The plaintiffs’ analysis was based on data extracted from the records of more than 160,000 applicants who applied for admission over six cycles from 2000 to 2015.
They compare Harvard’s treatment of Asian-Americans with its well-documented campaign to reduce the growing number of Jews being admitted to Harvard in the 1920s. Until then, applicants had been admitted on academic merit. To avoid adopting a blatant quota system, Harvard introduced subjective criteria like character, personality and promise. The plaintiffs call this the “original sin of holistic admissions.”
They argue that the same character-based system is being used now to hold the proportion of Asian-Americans at Harvard to roughly 20 percent year after year, except for minor increases, they say, spurred by litigation.
White applicants would be most hurt if Asian-American admissions rose, the plaintiffs said.
On summary sheets, Asian-American applicants were much more likely than other races to be described as “standard strong,” meaning lacking special qualities that would warrant admission, even though they were more academically qualified, the plaintiffs said. They were 25 percent more likely than white applicants to receive that rating. They were also described as “busy and bright” in their admissions files, the plaintiffs said.
One summary sheet comment said the Asian-American applicant would “need to fight it out with many similar” applicants. The plaintiffs’ papers appeared to offer other examples of grudging or derogatory descriptions of Asian applications, but they had been redacted.
In its admissions process, Harvard scores applicants in five categories — “academic,” “extracurricular,” “athletic,” “personal” and “overall.” They are ranked from 1 to 6, with 1 being the best.
Whites get higher personal ratings than Asian-Americans, with 21.3 percent of white applicants getting a 1 or 2 compared to 17.6 percent of Asian-Americans, according to the plaintiffs’ analysis.
Alumni interviewers give Asian-Americans personal ratings comparable to those of whites. But the admissions office gives them the worst scores of any racial group, often without even meeting them, according to Prof. Arcidiacono.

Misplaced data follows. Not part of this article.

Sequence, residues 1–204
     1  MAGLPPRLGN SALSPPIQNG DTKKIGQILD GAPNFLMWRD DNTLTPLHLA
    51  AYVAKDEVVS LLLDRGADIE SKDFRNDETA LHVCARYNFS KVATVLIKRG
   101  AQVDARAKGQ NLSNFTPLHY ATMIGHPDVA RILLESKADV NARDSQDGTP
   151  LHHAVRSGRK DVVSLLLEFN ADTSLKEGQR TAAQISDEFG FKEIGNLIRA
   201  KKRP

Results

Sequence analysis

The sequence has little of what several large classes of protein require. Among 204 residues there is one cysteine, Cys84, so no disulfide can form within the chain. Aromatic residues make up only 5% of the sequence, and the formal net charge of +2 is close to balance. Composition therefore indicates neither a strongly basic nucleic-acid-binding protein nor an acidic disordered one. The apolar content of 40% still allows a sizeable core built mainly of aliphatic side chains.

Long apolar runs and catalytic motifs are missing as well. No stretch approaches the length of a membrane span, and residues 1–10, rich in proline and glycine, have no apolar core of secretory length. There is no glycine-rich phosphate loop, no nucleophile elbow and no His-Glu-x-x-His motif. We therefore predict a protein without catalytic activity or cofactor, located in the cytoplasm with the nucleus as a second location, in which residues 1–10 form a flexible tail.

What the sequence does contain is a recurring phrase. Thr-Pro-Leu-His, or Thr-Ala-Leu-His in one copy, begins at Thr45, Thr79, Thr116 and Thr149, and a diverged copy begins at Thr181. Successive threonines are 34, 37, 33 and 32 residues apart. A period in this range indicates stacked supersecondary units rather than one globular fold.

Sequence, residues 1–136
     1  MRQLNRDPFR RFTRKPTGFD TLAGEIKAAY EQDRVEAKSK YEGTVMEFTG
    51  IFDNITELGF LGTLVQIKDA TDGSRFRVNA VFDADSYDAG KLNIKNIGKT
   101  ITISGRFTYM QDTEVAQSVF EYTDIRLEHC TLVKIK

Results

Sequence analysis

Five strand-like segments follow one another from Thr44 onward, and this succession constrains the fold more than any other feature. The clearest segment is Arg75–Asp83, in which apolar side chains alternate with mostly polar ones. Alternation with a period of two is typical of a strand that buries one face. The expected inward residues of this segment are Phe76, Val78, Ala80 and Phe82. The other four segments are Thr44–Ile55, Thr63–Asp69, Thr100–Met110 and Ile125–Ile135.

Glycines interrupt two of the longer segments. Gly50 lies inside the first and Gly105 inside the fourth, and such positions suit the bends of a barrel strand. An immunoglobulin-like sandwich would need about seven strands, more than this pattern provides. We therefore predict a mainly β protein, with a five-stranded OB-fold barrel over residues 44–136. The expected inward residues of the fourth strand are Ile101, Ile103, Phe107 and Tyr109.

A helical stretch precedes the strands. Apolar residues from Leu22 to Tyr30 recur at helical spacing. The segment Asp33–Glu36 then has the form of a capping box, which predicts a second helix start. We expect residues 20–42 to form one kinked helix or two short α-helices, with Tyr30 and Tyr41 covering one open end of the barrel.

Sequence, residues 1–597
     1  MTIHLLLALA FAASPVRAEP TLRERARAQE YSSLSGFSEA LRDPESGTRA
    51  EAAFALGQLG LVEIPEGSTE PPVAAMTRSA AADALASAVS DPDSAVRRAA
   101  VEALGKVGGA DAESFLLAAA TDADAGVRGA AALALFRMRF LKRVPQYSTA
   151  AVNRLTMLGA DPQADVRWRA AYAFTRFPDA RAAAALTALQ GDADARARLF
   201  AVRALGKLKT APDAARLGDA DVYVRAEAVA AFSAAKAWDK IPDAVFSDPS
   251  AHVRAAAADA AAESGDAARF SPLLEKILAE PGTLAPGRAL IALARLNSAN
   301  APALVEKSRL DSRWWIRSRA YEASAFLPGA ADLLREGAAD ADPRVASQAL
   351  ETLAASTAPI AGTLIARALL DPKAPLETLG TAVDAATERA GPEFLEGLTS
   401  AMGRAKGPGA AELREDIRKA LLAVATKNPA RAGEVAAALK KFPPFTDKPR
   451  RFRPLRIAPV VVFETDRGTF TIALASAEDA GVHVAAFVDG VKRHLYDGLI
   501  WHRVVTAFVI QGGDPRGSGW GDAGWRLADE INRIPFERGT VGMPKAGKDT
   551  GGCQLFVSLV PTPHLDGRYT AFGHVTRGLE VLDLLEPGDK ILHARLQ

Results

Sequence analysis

Harvard said that while admissions officers may not meet the applicants, they can judge their personal qualities based on factors like personal essays and letters of recommendation.
Harvard said it was implausible that Harvard’s 40-member admissions committee, some of whom were Asian-Americans, would conclude that Asian-American applicants were less personable than other races.
University officials did concede that its 2013 internal review found that if Harvard considered only academic achievement, the Asian-American share of the class would rise to 43 percent from the actual 19 percent. After accounting for Harvard’s preference for recruited athletes and legacy applicants, the proportion of whites went up, while the share of Asian-Americans fell to 31 percent. Accounting for extracurricular and personal ratings, the share of whites rose again, and Asian-Americans fell to 26 percent.
What brought the Asian-American number down to roughly 18 percent, or about the actual share, was accounting for a category called “demographic,” the study found. This pushed up African-American and Hispanic numbers, while reducing whites and Asian-Americans. The plaintiffs said this meant there was a penalty for being Asian-American.
“Further details (especially around the personal rating) may provide further insight,” Harvard’s internal report said.
But, the plaintiffs said in their motion Friday, there was no further insight, because, “Harvard killed the study and quietly buried the reports.”
Harvard said that the review was discounted because it was preliminary and incomplete.
At the end of the admissions process, the class of applicants is fine-tuned through a so-called “lop list,” which includes race. Almost the entire page in which the plaintiffs describe that fine-tuning has been blacked out. Mr. Blum, the founder of Students for Fair Admissions, said Friday that it was “disreputable” of Harvard to complain that information was being taken out of context while at the same time insisting on significant redactions of the evidence.
In a heavily redacted section, the plaintiffs describe how Harvard and 15 other elite schools share notes about the race of admitted students at a meeting of the Association of Black Admissions and Financial Aid Officers of the Ivy League and Sister Schools every year. The court papers portray them as a sort of secret society of admissions officers exchanging information about race, a sensitive aspect of admissions.
Harvard’s class of 2021 is 14.6 percent African-American, 22.2 percent Asian-American, 11.6 percent Hispanic and 2.5 percent Native-American or Pacific Islander, according to Harvard’s website.